It wasn’t just who was on the catwalk that was important this season, but also what was being shown and how it was being shown. As the fashion industry’s best-known sustainability guardian, Stella McCartney chose to show her new collection alongside a traditional French market, curated with 21 stands from fellow eco pioneers. Stella’s collection was made from 95% conscious materials and these small brands who supplied her yarns and dead stock were celebrated and gained important access to the fashion press. Without such a high profile designer pushing for change, would people take notice? These brands included LVMH-owned dead stock circular platform Nona Source, vegan apple waste leather supplier Mabel Industries; plant-based leather manufacturer Natural Fiber Welding and traceable wool supplier Nativa. Other stalls hinted at the mood of the market including a vintage clothes stall and vintage record stall that stocked some of Stella’s famous dad’s vinyl.  

Rising stars like Conner Ives, Ahluwalia and Chopova Lowena have also embraced the idea of upcycling, creating new garments out of old - tackling the fashion industry’s environmental impact. Patrick McDowell only used sustainable fabrics for his latest catwalk show. Old garment bags were transformed into capes, and three looks were made from 170 dead stock Lee jeans. This is very labour intensive and his team took over 150 hours to repurpose the denim into a puffball skirt, patchwork blazer and a jacket.  

Long-established designers are also following Erdem who incorporated antique textiles from Chatsworth house into his catwalk looks. Debo, the late Duchess of Devonshire, was a strict proponent of ‘make do and mend’, and her reworked Barbour jacket was a triumph. Andreas Kronthaler also went through Vivienne Westwood’s archives to pull out key pieces that inspired him and he remade 39 looks this way. It wasn’t just on the catwalk that recycling played its part, but also on the sets designed to show the clothes off. French designer, Nicolas Ghesquiere from Louis Vuitton teamed up with American production designer James Chinlund to install an inflatable balloon-like structure which was made from 100% recycled and recyclable material. The interior of the building was basked in a glowing vibrant orange which was the perfect backdrop for the beautiful collection.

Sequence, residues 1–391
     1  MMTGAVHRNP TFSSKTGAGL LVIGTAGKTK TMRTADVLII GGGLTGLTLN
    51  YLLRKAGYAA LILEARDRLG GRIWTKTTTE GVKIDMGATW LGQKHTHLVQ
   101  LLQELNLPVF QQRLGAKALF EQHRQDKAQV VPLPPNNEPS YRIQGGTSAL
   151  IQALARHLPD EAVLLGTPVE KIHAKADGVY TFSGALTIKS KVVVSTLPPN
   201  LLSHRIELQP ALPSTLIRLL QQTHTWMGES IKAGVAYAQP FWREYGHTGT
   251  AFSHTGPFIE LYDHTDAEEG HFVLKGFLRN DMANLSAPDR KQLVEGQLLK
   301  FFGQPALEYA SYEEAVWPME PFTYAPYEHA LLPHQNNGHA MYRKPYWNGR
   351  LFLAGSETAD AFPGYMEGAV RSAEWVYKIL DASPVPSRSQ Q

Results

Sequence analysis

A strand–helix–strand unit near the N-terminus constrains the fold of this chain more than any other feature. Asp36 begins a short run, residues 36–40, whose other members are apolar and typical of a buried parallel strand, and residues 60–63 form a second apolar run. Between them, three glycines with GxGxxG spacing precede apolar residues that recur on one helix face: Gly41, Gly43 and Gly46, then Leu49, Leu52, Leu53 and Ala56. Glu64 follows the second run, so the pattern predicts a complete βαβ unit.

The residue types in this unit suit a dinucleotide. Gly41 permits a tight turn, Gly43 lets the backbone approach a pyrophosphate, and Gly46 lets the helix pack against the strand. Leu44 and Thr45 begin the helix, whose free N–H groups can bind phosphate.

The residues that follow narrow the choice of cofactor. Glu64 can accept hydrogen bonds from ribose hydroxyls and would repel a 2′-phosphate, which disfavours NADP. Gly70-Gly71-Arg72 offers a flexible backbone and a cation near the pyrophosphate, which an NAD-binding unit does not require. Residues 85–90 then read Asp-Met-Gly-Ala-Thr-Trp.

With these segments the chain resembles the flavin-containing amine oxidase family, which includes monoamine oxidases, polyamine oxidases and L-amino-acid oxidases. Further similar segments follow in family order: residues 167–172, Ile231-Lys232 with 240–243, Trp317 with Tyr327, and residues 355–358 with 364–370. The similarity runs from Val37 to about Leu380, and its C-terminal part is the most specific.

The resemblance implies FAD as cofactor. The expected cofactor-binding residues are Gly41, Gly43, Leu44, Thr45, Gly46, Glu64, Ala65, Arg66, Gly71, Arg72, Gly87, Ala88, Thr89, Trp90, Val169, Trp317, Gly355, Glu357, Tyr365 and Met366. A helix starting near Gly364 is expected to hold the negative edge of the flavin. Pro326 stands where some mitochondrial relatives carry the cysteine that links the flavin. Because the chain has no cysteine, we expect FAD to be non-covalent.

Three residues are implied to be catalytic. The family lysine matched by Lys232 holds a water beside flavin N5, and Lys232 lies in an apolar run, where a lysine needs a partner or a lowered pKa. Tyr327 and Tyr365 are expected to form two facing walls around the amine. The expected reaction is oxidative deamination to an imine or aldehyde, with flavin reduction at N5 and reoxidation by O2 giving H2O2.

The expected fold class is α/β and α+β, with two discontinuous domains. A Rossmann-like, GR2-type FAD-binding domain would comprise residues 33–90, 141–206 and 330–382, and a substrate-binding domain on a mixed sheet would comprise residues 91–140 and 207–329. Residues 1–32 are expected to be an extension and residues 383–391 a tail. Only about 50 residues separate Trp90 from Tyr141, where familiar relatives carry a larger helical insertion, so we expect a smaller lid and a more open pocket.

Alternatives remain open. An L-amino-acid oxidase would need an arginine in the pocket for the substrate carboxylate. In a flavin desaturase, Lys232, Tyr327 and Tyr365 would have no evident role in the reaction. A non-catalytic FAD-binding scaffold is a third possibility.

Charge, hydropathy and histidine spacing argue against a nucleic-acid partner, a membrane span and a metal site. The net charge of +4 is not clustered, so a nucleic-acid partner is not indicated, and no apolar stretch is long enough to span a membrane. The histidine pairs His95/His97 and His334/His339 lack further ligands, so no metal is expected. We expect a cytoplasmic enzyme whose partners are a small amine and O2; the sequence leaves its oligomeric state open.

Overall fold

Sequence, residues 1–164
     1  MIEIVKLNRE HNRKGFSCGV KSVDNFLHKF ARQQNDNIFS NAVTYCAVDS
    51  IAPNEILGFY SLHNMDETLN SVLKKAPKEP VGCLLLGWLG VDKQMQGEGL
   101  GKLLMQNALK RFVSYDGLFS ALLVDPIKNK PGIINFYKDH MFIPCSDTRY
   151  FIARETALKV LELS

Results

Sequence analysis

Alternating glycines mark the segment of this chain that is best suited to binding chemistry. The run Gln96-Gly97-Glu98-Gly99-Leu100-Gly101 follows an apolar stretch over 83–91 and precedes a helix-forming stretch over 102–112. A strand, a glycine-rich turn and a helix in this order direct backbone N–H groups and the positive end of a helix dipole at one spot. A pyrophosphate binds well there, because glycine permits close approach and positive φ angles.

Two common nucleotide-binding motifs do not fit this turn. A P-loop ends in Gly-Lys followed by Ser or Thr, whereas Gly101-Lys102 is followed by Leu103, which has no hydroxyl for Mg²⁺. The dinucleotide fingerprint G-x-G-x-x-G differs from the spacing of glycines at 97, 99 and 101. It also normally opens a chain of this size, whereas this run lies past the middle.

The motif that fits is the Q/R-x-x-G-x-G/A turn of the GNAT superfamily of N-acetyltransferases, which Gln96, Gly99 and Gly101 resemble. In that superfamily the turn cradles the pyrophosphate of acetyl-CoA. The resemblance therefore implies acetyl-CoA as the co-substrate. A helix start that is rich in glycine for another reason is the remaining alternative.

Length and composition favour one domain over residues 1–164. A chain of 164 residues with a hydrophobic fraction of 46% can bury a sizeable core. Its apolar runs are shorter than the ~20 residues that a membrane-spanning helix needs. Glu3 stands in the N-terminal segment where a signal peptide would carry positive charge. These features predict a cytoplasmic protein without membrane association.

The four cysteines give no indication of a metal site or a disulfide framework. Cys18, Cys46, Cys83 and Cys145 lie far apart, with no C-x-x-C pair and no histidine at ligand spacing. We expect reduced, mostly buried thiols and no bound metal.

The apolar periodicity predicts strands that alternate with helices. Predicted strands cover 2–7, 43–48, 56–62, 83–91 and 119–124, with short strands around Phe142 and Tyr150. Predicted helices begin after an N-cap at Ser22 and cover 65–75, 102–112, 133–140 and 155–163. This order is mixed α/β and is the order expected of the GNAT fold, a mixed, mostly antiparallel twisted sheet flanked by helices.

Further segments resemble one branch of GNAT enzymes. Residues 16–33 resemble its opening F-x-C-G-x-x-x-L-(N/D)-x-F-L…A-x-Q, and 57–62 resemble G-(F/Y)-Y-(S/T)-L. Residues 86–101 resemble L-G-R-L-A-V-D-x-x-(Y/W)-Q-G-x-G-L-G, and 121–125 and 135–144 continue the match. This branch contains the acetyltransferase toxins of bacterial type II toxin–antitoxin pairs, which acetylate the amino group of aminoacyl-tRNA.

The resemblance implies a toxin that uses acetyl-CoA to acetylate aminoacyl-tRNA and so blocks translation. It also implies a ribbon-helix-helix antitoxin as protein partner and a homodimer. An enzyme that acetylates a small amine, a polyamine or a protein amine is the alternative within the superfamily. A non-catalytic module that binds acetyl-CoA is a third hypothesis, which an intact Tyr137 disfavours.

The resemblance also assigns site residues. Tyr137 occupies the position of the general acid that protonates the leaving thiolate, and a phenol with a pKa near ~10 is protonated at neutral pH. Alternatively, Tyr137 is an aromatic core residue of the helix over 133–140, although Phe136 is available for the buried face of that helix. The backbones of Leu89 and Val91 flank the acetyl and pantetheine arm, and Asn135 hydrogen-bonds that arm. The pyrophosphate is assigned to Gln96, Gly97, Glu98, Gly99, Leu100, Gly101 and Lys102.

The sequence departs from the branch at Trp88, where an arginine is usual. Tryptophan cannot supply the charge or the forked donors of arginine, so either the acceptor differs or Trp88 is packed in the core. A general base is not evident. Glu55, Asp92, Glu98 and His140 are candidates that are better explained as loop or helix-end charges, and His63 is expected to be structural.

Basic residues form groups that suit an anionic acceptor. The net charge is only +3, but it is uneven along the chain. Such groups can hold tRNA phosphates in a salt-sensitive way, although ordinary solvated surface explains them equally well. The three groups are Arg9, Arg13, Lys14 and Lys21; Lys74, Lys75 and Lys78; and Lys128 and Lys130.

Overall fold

Though the pace of change is slow, the fashion disrupters are disrupting in highly positive and creative way. Support them where you can.  

AI disrupters 

Artificial intelligence also played a part in fashion month as an innovation disruptor. According to McKinsey & Company in an article in Forbes, generative AI could add between $150 billion to $275 billion to the apparel, fashion, and luxury sectors’ operating profits. This has such potential with supply chain and logistics but as such the creative impact is on the fence. Ganni’s collection was inspired by the rise of AI and its design brief was set by ChatGPT. While the design team didn’t follow all of the brief, it was seen as a starting point. Ganni CEO & Creative Director, Ditte Reffstrup told Vogue, “The first reaction was 'I might not have a job tomorrow'.” Collina Strada seemed to be the first designer to actually show looks that have been physically designed by generative AI. Hillary Taymour, creative director at Collina Strada, and her team fed the previous collections into the AI model. The algorithm initially provided design ideas that were not strong enough, so it took a human touch from the design team to make it better and back on track for the brand.   

Sebastian Meyer and Arnaud Vaillant from Coperni have become a big noise in fashion by cleverly offering contemporary fashion with a fascination with technology. Do you remember they showed Bella Hadid being spray painted into a dress?  This time the brand worked with a tech start-up to design a prototype AI enabled pin. This is intended to be worn as you go about daily activities and it uses a multitude of sensors to enable intuitive computing interactions. Coperni also showed their signature Swipe bag reinterpreted as a Walkman.